Thanks, we are proud of it. Our primary doctor has developed some of the main implant systems that are in use around the world. He was instrumental in developing the Custom Osseous Integrated Implant system (COII) that now has demonstrated a survival rate of over 97% at ten years... 100% for his implants. And they actually integrate to the bone. We now have, I believe, seven recovered jaws from deceased patients with implants that have shown regenerated jaws where the bone has grown completely around the implants at the molecular level, integrating the implant to the jaw, transferring the forces from the dentures mounted on the implant to the jaw, so that the body found it necessary to rebuild the jaw from where before it had reclaimed the calcium. This was something other dentists said would never occur. These COII's which are indistinguishable on X-RAY from subperiostal implants—which almost every dentist will tell you are failures at placement because they heal in scar tissue and should be removed because they have a 50% failure rate at 10 years—will last a lifetime. The dentists who don't know what these are will INSIST they have to be removed at once.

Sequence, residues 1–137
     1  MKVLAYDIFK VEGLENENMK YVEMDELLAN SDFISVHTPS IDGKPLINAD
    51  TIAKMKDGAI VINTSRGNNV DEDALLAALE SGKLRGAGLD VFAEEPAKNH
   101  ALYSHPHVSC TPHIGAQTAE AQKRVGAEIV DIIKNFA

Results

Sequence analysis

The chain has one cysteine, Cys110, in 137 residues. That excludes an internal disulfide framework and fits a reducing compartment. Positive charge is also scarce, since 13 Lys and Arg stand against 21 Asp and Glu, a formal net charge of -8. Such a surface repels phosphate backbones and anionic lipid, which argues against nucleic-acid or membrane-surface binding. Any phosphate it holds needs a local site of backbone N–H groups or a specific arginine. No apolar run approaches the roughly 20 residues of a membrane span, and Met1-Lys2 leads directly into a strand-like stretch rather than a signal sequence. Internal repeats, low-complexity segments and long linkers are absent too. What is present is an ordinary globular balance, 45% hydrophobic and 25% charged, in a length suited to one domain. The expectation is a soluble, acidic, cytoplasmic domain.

57 posted on 08/26/2011 2:45:46 PM PDT by Swordmaker (This tag line is a Microsoft product "insult" free zone.)
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To: momtothree
Sorry, Swordmaker, another question popped in my mind. Can children use the clorox with water as a rinse as well? My youngest is 5... can she use it as well?

Yes, if you can get them to. It tastes like strong swimming pool water. As for safety, if they swallow some of it, it turns to ordinary table salt in the stomach. Chemically it is Socium Hypochlorite - NaClO... Drop the Oxygen and you have NaCl... salt. Sodium Chloride.

You DO have to make it fresh every time you use it. It does not keep.

58 posted on 08/26/2011 2:50:12 PM PDT by Swordmaker (This tag line is a Microsoft product "insult" free zone.)
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To: Swordmaker
Alcohol based mouthwashes don't do it, either.

How about peroxide based mouthwashes?

59 posted on 08/26/2011 2:50:19 PM PDT by glorgau
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To: dangerdoc
I was told that H2O2 would weaken enamel. What would laundry bleach do?

In dilute solutions like Dakin's solution, nothing. Enamel is hard...

60 posted on 08/26/2011 2:52:53 PM PDT by Swordmaker (This tag line is a Microsoft product "insult" free zone.)